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currency manipulation

D was once a millionaire. He spent three weeks in Paraguay, where the local currency — the guaraní — was traded at 4,000 to the dollar at the time. A couple of hundred dollars was all it took to feel immensely rich. In Ghana, where S studied in 2005, one dollar was equal to 10,000 cedis, and whenever people went to an ATM they would bring a plastic bag for the armfuls of mostly worthless bills they withdrew.


We’ve always found money to be one of the most fascinating aspects of international travel: the designs different countries put on their currencies, the safety features they incorporate into their manufacture, the widely varying weight of coins, the way global economic trends and internal politico-economic machinations trigger inflationary spirals that devalue currencies virtually overnight.

We missed Zimbabwe’s free-fall, which led the government to issue 100-trillion notes at the end of the last decade, but D has fairly vivid recollections of the currency devaluations during the waning years of the Soviet Union. D’s great-aunt had immigrated to the United States long before the collapse of the USSR, and when D’s grandmother travelled to visit her in the mid-1980s she was allowed to exchange 200 rubles for the fantastic sum of $320 American dollars. When Gorbachev began opening up the Soviet economy to the rest of the world a few years later and reality set in, the smoke-and-mirrors value of the ruble became apparent. There were long lines at the banks as people queued up to exchange the old Soviet rubles for the new notes, which were worth a tenth as much.

D’s first trip to Europe in the summer of 2000 preceded the rollout of the euro. The currency had been introduced in non-physical form for bank transfers and business transactions the year before, but day-to-day purchases were still made using the old European currencies. Before Western Europe adopted a common currency, a traveller visiting the 17 Eurozone countries would lose more than a third of his money simply by exchanging currencies at each border. By the time D returned to study in Spain in 2002, the euro notes and coins were in full circulation, but the fledgling currency struggled against the dollar. When D arrived in September, a 100-euro withdrawal would only cost $75. By the time he left Spain in May of the following year — a few months after the start of the Second Gulf War — the two currencies had swapped places and $100 only translated to 75 euros.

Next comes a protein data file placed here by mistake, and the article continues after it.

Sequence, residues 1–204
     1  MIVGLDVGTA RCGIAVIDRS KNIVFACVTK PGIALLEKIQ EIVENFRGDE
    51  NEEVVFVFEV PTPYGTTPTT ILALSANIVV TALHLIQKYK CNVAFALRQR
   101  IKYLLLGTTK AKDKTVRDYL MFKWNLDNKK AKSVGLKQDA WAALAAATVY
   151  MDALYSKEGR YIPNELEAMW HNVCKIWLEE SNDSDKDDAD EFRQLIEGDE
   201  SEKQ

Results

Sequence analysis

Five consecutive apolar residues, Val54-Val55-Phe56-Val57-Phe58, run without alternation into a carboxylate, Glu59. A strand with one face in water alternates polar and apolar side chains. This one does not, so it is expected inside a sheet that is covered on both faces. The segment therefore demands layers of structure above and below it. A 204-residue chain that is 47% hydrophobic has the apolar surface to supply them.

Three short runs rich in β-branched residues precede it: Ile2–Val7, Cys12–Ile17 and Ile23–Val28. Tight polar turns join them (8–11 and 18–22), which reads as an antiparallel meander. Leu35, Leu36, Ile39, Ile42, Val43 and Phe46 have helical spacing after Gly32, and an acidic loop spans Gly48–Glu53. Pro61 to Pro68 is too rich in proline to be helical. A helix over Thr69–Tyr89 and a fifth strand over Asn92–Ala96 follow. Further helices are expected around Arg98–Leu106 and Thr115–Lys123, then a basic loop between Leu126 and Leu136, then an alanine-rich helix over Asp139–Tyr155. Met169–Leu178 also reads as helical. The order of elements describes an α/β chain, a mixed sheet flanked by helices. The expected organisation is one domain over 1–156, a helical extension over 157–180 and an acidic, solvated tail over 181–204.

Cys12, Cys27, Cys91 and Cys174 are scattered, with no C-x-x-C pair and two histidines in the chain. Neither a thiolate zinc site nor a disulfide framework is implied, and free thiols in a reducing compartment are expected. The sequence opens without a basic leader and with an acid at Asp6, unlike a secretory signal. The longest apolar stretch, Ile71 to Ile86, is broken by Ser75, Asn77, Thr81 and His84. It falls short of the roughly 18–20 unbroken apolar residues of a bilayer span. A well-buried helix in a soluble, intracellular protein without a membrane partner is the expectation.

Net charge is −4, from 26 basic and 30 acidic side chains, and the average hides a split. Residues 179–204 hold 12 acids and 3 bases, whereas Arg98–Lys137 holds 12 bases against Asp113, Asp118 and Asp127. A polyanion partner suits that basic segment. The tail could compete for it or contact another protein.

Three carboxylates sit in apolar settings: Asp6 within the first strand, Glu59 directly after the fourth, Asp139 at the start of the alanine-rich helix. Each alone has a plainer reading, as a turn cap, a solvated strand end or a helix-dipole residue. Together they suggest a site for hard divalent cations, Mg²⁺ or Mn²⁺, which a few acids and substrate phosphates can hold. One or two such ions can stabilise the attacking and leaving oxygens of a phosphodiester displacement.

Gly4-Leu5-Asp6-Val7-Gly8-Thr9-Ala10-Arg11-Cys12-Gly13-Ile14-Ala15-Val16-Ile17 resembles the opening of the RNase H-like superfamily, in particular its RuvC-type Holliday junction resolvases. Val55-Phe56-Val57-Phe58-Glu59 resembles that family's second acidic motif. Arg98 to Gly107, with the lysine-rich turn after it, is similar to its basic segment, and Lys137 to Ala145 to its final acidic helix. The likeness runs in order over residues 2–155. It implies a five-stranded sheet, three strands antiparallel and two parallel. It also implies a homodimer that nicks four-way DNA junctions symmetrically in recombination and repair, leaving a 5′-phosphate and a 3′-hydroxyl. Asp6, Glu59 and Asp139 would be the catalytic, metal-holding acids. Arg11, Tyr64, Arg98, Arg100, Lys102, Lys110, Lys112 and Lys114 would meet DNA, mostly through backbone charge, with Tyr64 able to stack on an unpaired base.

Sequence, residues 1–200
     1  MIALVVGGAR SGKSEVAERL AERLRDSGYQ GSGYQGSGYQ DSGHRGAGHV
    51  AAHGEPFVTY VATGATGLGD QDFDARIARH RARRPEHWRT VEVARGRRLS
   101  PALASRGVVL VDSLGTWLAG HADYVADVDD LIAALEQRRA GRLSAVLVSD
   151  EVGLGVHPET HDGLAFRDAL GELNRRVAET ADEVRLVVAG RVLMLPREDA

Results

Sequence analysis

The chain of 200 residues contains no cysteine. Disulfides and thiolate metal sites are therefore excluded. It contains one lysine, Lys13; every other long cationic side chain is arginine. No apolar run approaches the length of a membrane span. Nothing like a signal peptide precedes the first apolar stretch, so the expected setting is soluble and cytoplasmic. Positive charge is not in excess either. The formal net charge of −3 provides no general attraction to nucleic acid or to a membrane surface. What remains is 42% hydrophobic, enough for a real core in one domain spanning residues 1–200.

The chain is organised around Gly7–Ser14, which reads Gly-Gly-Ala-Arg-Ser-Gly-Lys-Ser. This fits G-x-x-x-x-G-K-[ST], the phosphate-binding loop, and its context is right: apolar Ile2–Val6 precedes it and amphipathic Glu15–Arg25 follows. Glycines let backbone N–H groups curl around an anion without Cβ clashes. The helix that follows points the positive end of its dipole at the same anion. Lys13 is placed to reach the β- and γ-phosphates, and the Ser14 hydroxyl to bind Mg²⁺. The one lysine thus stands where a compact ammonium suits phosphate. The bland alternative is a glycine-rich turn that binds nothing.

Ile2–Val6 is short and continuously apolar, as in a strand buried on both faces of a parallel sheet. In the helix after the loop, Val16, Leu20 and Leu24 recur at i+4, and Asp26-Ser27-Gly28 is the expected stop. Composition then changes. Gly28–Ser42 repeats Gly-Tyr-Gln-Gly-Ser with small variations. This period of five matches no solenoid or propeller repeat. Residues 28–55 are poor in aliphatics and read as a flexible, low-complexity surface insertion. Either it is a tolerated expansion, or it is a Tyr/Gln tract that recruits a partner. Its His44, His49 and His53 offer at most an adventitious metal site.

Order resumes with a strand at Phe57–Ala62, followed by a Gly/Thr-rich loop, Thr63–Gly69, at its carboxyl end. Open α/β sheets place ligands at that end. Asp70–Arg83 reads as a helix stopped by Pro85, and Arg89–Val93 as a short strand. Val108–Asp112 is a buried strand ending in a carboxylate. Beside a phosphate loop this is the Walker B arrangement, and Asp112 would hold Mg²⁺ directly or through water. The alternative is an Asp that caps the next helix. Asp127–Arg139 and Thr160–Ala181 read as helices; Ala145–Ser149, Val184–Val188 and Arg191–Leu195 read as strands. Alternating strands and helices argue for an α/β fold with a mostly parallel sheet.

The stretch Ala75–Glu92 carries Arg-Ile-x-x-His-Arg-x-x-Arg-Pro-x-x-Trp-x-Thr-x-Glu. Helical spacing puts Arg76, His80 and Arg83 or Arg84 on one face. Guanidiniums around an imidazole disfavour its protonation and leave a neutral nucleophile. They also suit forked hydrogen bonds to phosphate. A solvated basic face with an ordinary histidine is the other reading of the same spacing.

At the triple border in Paraguay’s Ciudad del Este, which abuts both Brazil and Argentina, the three countries’ currencies are used interchangeably, and D once paid for a single meal using a combination of all three. However, the willingness to accept foreign money did not extend to Paraguay’s neighbors, whose currencies are much stronger. As soon as one set foot either in Foz do Iguaçu in Brazil or Puerto Iguazú on the Argentinian side, the 1000-guaraní notes became little more than a travel souvenir.

Moldova is the only country we’ve visited thus far that has two independently functioning currencies. Most of the country uses the Moldovan lei, but the disputed territory of Transnistria has its own currency — a ruble that evokes nostalgia for Soviet times. We did not see any of the Transnistrian coins, but the bani — one hundred of which comprise one leu — are as close to weightlessness as a coin can possibly get. They barely feel like money at all.

Although most items are valued in lei, many businesses will price their services in euros to avoid the devaluation that accompanies the fluctuation of the weaker Moldovan currency. For example, D paid for his rental car in euros, and left a deposit in dollars rather than in lei. Despite our relative proximity to the Eurozone, we are surrounded by countries that continue to use their own currencies, which have begun to accumulate in various drawers in our apartment. S used up all the Romanian lei she exchanged during her brief stop in Bucharest, but D brought back some hryvnas from his recent trip to Ukraine, and we still have a handful of rubles from our jaunt to Tiraspol.

3 Comments Post a comment
  1. I just love the look for foreign currency! I had the chance to go to England, and brought some home as a keepsake!

    September 14, 2013
  2. Reblogged this on Oyia Brown.

    September 15, 2013
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    June 22, 2014

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